Saturday, March 13, 2010

Those Long-Awaited Tips

Okay, for those of you still writing for Demand Studios or just thinking about it, here are those tips I've been carroting for weeks now. (Yes, "carroting": the gerund of "to carrot", meaning "to use an object for the purposes of inducing some short-sighted behavior in an other, while surreptitiously preventing the object from being obtained and deriving personal gain from the other's behavior. From the popular metaphor "carrot on a stick". Cockatoo's New World Dictionary, 7th ed.)

Okay, I don't actually think you're short-sighted. Cockatoo was just trying to be snarky. Sorry.

So Tip #2 (Tip #1 is in a previous post): As I recently learned, beware the plagiarism police. Now notice, I'm not saying "Don't plagiarize." Demand Studios is pretty much stealing from you, so why shouldn't you steal too? Yeah, two wrongs, blah, blah, blah... You need a paycheck, right? Well, Cockatoo is all for you minimizing the amount of time you spend on any particular article and thus increasing your pay rate. And doing this might require you to, discreetly, copy another piece from the internet onto your little Demand Studios work desk, right? Right. Except, the site checks for plagiarism on every piece that gets submitted.

So how do you evade the police?

Thesaurus, thesaurus, thesaurus, rearrange, rearrange, rearrange. Take that clause, move it to the front, change "start" to "commence", "illness" to "ailment", take that bit out there, add a couple words here, et voila! Basically, change the words and move things around. Their program checks for "shared content" which just means it checks to see if a lot of the same words can be found in some other document. So, mainly, avoid using the same words, and you'll be fine. If you still get flagged, though, and you've rearranged things enough, it just might keep the editor that has to look over your stuff from giving you the ax if it looks like you at least tried to hide your lifting.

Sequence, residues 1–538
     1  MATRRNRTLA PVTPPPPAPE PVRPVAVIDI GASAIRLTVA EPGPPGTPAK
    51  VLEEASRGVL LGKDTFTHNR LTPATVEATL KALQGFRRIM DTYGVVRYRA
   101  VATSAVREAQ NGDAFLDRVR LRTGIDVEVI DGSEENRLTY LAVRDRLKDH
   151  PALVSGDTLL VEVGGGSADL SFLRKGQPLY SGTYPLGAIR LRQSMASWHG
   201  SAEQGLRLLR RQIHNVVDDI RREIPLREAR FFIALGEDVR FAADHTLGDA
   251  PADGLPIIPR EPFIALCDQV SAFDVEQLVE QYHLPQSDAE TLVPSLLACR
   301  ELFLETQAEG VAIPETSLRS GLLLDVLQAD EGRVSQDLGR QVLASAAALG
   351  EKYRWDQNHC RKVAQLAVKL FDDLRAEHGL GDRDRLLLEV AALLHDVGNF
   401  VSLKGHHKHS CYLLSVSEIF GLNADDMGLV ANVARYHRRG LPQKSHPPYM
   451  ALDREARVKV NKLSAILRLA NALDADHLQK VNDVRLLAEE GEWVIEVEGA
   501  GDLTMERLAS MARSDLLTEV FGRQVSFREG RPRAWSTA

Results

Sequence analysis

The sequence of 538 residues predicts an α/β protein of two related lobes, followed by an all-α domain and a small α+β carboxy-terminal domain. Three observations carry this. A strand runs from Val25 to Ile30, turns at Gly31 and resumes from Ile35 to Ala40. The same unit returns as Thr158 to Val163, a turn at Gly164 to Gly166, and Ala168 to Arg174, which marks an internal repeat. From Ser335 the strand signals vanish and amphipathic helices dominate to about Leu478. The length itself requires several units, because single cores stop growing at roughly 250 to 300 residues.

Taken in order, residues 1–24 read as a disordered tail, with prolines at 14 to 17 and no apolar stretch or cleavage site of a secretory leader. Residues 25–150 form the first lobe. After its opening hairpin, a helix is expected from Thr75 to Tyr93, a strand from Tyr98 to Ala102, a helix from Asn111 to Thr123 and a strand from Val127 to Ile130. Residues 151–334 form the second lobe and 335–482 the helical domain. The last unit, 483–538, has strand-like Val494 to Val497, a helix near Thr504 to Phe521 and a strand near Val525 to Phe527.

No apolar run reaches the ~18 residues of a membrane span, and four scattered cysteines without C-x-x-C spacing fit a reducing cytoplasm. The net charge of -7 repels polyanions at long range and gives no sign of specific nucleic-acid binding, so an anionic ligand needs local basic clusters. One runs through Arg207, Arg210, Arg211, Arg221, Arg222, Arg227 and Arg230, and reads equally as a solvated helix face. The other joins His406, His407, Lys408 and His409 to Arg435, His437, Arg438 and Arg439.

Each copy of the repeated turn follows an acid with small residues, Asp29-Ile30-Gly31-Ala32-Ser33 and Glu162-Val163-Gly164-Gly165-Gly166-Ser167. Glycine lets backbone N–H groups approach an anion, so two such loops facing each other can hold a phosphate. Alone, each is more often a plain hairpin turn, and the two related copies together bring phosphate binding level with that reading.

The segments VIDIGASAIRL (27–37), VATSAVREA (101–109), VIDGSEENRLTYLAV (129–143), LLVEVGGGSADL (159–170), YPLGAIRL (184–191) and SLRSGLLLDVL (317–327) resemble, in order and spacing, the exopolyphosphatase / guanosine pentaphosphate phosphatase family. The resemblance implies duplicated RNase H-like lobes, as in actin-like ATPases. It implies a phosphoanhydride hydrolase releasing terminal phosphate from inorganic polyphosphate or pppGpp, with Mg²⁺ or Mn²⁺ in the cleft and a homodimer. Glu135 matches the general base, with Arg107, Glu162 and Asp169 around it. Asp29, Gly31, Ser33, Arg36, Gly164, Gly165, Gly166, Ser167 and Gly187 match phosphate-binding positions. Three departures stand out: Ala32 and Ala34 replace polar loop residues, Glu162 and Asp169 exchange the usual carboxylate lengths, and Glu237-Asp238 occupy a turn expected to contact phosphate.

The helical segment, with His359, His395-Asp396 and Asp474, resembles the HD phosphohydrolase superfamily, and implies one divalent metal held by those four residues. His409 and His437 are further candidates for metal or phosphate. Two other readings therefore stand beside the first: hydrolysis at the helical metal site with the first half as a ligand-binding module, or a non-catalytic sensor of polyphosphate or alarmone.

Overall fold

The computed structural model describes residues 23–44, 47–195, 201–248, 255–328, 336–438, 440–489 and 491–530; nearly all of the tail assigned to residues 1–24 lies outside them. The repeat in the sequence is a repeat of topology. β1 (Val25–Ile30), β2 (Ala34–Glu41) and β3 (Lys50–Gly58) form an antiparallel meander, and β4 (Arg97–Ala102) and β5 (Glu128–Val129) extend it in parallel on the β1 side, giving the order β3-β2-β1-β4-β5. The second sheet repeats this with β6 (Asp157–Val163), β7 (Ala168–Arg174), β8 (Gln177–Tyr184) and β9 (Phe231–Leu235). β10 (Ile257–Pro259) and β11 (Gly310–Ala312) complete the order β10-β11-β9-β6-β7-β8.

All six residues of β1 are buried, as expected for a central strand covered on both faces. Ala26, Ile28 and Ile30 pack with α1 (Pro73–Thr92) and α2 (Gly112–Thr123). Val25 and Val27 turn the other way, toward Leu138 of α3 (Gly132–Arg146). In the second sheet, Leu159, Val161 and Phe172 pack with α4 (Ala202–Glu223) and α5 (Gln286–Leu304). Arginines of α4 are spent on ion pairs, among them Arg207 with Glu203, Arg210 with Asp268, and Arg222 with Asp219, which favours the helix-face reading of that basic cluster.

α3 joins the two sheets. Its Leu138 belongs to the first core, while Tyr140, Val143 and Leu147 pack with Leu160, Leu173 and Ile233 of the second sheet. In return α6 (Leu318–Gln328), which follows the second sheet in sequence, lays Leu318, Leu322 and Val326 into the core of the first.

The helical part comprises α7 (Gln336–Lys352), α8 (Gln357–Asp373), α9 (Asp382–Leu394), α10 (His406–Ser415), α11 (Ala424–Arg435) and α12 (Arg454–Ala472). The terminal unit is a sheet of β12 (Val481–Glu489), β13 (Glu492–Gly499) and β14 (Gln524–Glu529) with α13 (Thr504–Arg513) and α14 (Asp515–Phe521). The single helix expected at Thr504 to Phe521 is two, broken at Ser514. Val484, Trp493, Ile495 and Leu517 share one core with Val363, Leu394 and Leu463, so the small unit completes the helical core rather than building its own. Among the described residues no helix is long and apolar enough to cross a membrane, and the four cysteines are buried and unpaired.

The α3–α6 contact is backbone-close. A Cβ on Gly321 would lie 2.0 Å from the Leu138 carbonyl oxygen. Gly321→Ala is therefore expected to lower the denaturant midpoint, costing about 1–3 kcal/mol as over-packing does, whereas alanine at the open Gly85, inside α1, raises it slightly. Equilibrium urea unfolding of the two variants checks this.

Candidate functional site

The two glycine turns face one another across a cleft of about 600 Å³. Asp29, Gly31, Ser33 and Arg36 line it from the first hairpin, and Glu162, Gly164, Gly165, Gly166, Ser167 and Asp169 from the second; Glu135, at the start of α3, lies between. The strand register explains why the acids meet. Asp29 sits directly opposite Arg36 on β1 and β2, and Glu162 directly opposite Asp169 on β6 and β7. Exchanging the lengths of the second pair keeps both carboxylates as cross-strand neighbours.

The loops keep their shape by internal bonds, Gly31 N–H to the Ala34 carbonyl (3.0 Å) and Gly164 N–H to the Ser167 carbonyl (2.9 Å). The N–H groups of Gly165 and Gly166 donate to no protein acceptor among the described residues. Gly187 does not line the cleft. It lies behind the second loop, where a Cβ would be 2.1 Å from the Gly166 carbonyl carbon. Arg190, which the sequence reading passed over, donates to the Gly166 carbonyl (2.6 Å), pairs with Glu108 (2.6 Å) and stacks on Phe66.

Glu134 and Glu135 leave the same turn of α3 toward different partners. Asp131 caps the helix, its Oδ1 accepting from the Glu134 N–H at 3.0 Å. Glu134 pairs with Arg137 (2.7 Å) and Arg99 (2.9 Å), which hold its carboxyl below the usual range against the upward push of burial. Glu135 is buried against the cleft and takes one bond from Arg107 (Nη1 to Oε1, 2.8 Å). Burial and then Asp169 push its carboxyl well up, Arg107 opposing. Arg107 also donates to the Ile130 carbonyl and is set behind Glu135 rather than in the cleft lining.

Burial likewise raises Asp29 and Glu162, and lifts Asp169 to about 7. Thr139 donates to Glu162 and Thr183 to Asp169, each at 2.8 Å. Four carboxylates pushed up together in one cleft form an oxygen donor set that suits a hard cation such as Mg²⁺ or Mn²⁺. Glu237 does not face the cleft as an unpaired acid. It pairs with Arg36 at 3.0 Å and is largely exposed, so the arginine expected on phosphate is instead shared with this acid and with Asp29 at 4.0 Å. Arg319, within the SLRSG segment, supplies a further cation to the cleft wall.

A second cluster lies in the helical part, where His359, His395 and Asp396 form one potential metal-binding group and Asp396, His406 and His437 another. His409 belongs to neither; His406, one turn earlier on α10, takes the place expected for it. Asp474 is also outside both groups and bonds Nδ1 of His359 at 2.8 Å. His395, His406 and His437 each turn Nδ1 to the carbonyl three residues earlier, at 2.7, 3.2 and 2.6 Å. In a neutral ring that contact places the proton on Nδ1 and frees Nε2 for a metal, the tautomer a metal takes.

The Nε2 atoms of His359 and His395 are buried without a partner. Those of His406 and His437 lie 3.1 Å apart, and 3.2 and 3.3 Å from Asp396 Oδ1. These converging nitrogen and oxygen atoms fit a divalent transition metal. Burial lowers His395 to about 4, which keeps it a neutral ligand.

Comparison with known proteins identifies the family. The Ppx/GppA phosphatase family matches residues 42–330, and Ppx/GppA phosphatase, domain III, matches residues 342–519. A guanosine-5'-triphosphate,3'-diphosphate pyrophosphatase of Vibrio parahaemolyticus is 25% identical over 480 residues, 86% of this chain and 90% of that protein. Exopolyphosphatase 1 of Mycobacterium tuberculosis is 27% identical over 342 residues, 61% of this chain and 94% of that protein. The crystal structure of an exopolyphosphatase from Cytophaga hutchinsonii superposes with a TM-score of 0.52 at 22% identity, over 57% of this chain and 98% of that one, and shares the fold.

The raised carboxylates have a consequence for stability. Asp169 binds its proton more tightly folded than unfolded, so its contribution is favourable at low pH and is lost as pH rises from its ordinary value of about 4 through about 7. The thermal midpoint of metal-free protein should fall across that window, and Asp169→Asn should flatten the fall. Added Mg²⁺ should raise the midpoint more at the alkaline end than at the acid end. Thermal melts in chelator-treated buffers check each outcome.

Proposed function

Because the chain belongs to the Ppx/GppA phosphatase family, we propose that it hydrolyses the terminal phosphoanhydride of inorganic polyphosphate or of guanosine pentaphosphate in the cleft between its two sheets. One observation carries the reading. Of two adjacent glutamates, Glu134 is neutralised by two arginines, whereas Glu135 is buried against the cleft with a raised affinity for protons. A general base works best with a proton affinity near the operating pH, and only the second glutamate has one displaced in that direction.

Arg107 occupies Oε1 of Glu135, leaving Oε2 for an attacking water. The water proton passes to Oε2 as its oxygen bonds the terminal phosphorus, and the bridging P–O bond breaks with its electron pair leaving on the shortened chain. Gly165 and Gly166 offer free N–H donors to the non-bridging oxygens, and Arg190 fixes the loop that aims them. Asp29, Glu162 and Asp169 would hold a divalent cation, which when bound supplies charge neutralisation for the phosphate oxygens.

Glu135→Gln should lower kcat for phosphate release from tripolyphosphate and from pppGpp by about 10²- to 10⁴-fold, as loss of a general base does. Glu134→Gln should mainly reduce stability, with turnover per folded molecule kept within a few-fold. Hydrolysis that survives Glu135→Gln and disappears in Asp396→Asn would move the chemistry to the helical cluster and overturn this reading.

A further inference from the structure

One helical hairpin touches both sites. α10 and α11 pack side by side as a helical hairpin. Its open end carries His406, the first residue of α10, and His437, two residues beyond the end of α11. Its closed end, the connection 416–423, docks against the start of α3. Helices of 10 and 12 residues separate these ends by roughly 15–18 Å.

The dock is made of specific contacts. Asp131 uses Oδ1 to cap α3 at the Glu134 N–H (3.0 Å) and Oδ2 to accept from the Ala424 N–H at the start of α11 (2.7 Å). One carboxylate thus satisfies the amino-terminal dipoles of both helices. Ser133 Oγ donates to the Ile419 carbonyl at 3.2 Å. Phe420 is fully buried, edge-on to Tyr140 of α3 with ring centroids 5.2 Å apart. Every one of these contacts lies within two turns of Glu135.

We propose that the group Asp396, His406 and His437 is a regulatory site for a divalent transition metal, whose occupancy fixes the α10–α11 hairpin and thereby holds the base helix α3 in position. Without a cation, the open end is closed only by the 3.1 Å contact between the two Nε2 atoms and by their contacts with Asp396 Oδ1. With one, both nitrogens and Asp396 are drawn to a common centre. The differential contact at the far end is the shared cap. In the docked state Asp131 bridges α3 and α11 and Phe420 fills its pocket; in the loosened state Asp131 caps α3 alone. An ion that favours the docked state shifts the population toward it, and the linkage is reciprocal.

Tip #3: Write $7.50 pieces. The $3 pieces will probably take you longer than a total of 12 minutes to find, research, and write. However, there are plenty of $7.50 pieces that can be done within half an hour, giving you an hourly rate of $15. Plus, you're getting paid $7.50 for 150 words (if you stick to the minimum, as you should), whereas with the $15 pieces, you have to write at least 400, which is $7.50 per 200 words - less money per word.

Tip #4: Skip anything unnecessary, like adding photos, and make sure to stick to your word count. If you do more than the minimum, not only are you doing unnecessary, unpaid for labor that no one cares about, but you're also running the risk of having to spend even more time on the article, rewriting it to the proper word count. They're nit-picky about having articles of the proper length. (Don't want to end up eating into sacred advertising space with all that pesky content.)

Tip #5: Don't suggest titles. They only pay you $5 for a 400 word piece if it was a title you suggested yourself. You'd have to be able to come up with the title, check that it's available, submit it for approval, find a reference, and write the piece, not to mention possibly do some rewriting, all in 20 minutes if you wanted to make at least $15 bucks an hour. This might be theoretically possible, but for the average person is probably not very feasible.

Tip #6: If you're actually serious about making some money through this aggregator b.s., consider investing in voice-recognition software. A couple of people on the Demand Studios website have mentioned using it and finding their productivity tremendously increased. Just remember for every dollar you make, Demand Studios probably makes about 20. Every article you write is more advertising space for them to sell and a better rating for them in the search engines. In other words, you're probably doing Demand Studios more of a favor than yourself.

Tip #7: Stop being so damn lazy and individualistic and quit Demand Studios. Get yourself a real job, where, yes, you might have to wake up early in the morning and deal with other people, but you also might be appreciated for the unique human being that you are (by these other people), rather than as just a content-regurgitating cog in a machine. Where you might get to do more than just rearrange other people's ideas all day, while passing them off as your own. And where you might get to make more than the $9/hour you're averaging now. Yes, the economy is still sucking, but there has to be something better for you out there. Something where at least you might get a decent reference once you leave or some decent clips that might help you land a better job. You can't get either from Demand Studios - your editors always remain anonymous, and the writing standards are too low to be impressive anywhere else.

Hmmph. Cockatoo promises to start taking her own advice any day now.

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